BY JOHN I. BORJA

Journal staff

Matson Navigation Co. Inc. once again is calling on the federal court to order the U.S. Department of Transportation Maritime Administration to rescind its decision to grant Matson’s competitor federal subsidies under the Maritime Security Program.

The program was established through the Maritime Security Act of 1996 and reauthorized in 2003. It provides financial assistance to U.S. flag vessels operating in foreign commerce as a way to offset the higher costs of operating such vessels internationally.

Matson in its Nov. 27 court filing with the District Court for the District of Columbia stated the administration’s decision to approve two American President Lines Inc.-operated vessels — APL Guam and APL Saipan — as replacements for two other subsidized vessels that operated in the Middle East was unlawful. Matson alleges the APL vessels are unqualified for the program and the granted subsidies create an unfair advantage.

In a statement to the Journal, Matson wrote, “When Congress enacted the MSP, it was clear that MSP payments are available only for vessels that provide transportation in foreign commerce. Vessels operated in domestic trade, including with Guam and Saipan, do not qualify. Matson supports full and fair competition on a level playing field. Our concern is that $10 million annually in federal subsidies is currently tilting the playing field in favor of a competitor whose operations don’t qualify for those subsidies.”

It’s not the first time Matson had brought this issue forward. Last summer, Matson had petitioned the U.S. Court of Appeals for the District of Columbia Circuit, but that was later dismissed due to the court’s lack of jurisdiction. (See “Matson defends appeal against APL subsidies” in the Feb. 19, 2018 issue of the Journal.)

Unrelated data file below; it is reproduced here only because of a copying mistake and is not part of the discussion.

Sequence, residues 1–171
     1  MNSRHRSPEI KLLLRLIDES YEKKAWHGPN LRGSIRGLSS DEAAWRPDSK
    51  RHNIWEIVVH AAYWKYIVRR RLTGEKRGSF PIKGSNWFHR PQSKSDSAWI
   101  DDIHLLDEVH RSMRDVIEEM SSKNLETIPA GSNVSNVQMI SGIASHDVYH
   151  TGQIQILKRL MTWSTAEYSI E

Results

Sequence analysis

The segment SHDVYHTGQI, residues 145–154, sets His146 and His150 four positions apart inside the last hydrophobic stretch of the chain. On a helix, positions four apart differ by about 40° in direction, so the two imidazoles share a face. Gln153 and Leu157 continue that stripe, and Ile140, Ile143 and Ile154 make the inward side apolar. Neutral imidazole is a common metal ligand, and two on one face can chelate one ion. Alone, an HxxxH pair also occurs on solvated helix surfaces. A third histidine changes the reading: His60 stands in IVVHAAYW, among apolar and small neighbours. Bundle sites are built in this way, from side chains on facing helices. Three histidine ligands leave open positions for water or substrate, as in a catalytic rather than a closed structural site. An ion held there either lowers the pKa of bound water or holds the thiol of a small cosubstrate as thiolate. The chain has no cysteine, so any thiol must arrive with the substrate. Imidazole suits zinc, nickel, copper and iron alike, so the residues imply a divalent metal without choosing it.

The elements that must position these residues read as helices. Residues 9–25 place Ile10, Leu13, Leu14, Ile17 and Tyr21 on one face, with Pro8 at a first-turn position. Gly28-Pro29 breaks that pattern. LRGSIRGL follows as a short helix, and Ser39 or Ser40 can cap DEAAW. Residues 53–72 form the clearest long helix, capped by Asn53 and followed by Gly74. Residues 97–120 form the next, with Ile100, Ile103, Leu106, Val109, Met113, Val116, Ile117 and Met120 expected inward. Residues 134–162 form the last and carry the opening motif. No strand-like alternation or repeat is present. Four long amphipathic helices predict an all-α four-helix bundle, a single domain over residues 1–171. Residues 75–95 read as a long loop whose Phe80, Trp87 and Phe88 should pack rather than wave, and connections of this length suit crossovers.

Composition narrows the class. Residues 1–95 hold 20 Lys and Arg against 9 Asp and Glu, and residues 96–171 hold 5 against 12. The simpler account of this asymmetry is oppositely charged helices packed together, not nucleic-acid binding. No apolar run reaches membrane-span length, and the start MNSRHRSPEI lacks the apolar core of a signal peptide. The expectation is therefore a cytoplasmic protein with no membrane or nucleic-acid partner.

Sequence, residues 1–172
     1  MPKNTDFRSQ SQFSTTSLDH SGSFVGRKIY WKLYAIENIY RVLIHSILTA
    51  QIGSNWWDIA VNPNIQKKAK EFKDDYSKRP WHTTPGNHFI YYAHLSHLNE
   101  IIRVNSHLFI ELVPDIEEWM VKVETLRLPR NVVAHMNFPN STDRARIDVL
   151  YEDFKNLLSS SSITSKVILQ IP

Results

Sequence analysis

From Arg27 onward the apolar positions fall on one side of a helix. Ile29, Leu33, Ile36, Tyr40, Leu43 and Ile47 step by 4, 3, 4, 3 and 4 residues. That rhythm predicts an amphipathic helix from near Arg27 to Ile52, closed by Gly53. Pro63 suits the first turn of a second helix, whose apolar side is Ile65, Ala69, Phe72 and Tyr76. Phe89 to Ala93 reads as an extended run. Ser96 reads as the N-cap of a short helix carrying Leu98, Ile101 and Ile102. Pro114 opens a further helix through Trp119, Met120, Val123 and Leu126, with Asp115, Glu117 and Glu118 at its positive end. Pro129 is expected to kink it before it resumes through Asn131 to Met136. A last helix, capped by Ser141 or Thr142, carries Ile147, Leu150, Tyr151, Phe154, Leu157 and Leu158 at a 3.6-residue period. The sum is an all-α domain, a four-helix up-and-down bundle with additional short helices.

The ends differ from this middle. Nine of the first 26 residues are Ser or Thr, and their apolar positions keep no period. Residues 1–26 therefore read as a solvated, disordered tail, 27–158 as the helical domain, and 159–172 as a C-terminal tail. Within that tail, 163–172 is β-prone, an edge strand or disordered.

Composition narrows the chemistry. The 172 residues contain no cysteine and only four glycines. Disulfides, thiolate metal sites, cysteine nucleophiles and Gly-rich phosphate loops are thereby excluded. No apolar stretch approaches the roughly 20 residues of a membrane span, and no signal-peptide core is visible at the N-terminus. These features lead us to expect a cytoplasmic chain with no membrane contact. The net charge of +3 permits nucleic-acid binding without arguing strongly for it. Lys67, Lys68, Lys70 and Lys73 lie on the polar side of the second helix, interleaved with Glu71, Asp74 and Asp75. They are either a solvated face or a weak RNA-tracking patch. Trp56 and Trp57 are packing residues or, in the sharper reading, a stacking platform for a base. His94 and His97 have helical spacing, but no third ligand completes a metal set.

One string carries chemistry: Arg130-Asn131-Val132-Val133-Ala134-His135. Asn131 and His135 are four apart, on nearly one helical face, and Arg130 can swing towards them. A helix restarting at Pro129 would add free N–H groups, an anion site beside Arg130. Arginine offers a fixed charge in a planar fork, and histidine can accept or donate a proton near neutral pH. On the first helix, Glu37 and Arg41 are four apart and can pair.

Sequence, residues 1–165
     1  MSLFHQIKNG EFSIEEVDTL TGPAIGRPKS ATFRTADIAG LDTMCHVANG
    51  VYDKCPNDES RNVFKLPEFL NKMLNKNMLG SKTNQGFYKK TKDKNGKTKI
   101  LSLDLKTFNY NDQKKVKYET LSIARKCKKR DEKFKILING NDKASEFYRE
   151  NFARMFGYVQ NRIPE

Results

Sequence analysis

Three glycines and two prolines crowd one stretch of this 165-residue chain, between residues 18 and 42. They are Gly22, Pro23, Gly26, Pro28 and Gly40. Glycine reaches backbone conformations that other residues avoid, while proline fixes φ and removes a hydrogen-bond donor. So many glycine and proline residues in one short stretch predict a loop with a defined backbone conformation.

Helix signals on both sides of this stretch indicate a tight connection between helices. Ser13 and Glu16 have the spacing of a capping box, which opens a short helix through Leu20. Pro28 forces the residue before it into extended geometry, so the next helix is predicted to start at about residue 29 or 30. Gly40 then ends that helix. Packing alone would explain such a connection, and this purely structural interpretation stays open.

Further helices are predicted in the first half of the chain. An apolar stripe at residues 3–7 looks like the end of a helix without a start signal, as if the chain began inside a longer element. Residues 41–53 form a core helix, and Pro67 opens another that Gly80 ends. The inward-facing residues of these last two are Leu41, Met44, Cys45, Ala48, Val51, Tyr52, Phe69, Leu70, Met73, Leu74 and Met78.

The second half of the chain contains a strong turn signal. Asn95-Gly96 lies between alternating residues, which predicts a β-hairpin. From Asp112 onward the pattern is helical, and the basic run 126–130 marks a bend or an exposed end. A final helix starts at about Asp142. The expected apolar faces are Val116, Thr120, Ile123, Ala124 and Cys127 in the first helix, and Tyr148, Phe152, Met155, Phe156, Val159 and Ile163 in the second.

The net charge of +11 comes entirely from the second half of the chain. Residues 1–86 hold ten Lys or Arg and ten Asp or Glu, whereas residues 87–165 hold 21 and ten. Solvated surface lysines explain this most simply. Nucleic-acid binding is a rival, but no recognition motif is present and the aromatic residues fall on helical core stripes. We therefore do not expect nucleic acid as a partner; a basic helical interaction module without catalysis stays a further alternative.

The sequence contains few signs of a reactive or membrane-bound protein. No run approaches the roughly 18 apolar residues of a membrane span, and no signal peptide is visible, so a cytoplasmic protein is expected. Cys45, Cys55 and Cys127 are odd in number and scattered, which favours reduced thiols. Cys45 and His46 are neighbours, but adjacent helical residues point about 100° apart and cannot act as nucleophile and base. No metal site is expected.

A spokesperson for APL said the company is confident that Matson’s latest attempt is “completely lacking in merit” and emphasized that its operations in the region were approved by the Department of Transportation, the Maritime Administration and the Department of Defense.

“APL remains committed to serving the people of Guam and Saipan and the U.S. military personnel stationed there, as it has for the past three years, by maintaining its modern, efficient service to Guam and Saipan and ensuring that shippers have a competitive choice, directly benefiting the U.S. military and the people of Guam and Saipan. APL remains unwaveringly committed to its U.S.-flag operations and commitments under the MSP and Voluntary Intermodal Sealift Agreement supporting DOD operations throughout the world,” the APL spokesperson said.

Matson is requesting that the federal court deem the Maritime Administration’s approval of APL’s vessels unlawful and to have the decision vacated, terminated and set aside.

The Department of Transportation and the Maritime Administration are named as defendants in the lawsuit, and have yet to file a response. mbj